The Very Basics of Blockchain

blockchain

Blockchain is the technology that makes Bitcoin possible and it has been around the edge of my consciousness since Bitcoin came on the scene about ten years ago, but I never really wanted to know more about what it is and how it works until the most recent lettuce recall when experts opined that Blockchain could have identified the source of the contamination and kept lettuce in our stores. How do we get from Bitcoin to lettuce with the same technology? I asked a lot of my very bright friends, many of whom are involved professionally with computers, and not one knew more than I did. So after a trip to the library (where only one book was helpful) and a few Google searches, Ihave a simplistic overview that I can share with you.

Blockchain is just a means of data management. Unlike data of the past, Blockhain data doesn’t exist on one computer and is not managed by one entity. The data in the database are located on decentralized internet nodes. What does that mean? Pieces of data are held on computers all over the world and can be accessed at any time by a person who has the right of access. It is highly secure and to date there hasn’t been a reported breach of the data.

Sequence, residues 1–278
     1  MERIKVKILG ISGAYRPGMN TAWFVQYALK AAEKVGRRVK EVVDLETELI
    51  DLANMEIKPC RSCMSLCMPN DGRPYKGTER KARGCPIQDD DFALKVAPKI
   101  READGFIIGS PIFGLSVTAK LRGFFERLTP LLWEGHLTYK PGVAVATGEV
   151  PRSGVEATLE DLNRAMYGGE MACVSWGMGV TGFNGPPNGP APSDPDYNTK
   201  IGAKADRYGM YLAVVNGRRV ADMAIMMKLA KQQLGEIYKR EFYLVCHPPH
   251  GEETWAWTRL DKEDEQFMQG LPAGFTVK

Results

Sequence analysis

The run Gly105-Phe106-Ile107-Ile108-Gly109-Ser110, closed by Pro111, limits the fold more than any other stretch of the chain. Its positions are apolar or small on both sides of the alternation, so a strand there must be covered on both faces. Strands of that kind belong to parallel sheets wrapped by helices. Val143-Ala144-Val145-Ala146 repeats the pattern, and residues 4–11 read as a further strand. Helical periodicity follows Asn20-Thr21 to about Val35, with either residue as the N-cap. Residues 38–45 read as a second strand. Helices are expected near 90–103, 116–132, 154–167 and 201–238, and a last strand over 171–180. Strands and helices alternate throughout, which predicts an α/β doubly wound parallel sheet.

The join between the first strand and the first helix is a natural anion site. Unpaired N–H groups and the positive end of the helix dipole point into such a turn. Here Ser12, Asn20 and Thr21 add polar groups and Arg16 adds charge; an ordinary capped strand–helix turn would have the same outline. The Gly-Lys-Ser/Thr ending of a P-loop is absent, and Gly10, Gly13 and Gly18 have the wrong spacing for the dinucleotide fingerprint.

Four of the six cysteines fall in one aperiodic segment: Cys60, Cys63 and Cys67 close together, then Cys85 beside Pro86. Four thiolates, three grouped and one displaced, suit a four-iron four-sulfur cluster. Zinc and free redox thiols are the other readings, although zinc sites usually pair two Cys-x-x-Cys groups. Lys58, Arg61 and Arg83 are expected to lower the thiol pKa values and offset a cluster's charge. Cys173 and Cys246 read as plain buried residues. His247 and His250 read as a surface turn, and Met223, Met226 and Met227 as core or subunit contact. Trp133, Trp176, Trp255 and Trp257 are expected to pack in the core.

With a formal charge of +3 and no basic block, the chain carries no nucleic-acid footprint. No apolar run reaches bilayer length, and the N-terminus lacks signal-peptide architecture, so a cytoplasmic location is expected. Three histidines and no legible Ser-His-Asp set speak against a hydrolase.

Records and transactions are batched into “blocks” and each block is linked to a previous block with a unique chronologically stamped hash, the hashes being the backbone of Blockchain technology. The hash associated with a block assures that data are identical on all nodes.

Cryptocurrencies are today far and away the biggest users of Blockchain technology, so how do our salads become part of this discussion? CNBC reported last September that Walmart and Sam’s have been testing Blockchain for some time and will be requiring producers to code all lettuce shipped, which would then be tracked from the farm through the supply chain to the consumer using its unique code, establishing a record that will theoretically allow tainted product to be tracked to the source almost instantaneously.

There’s been a lot of interest and huge corporate investment in applying this technology to other industries to manage the information in huge databases securely and efficiently. We’ll have more on Blockchain and cryptocurrencies in a later issue.

 

Photo by Thought Catalog on Unsplash

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